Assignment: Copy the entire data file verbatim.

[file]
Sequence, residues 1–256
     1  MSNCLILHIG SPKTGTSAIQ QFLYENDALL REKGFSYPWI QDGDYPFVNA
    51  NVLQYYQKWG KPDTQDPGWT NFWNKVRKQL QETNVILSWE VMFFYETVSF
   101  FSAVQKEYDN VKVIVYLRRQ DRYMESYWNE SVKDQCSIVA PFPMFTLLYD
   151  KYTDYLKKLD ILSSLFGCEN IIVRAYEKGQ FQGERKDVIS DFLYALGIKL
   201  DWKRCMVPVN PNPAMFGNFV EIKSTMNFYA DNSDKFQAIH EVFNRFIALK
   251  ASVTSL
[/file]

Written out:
Sequence, residues 1–256
     1  MSNCLILHIG SPKTGTSAIQ QFLYENDALL REKGFSYPWI QDGDYPFVNA
    51  NVLQYYQKWG KPDTQDPGWT NFWNKVRKQL QETNVILSWE VMFFYETVSF
   101  FSAVQKEYDN VKVIVYLRRQ DRYMESYWNE SVKDQCSIVA PFPMFTLLYD
   151  KYTDYLKKLD ILSSLFGCEN IIVRAYEKGQ FQGERKDVIS DFLYALGIKL
   201  DWKRCMVPVN PNPAMFGNFV EIKSTMNFYA DNSDKFQAIH EVFNRFIALK
   251  ASVTSL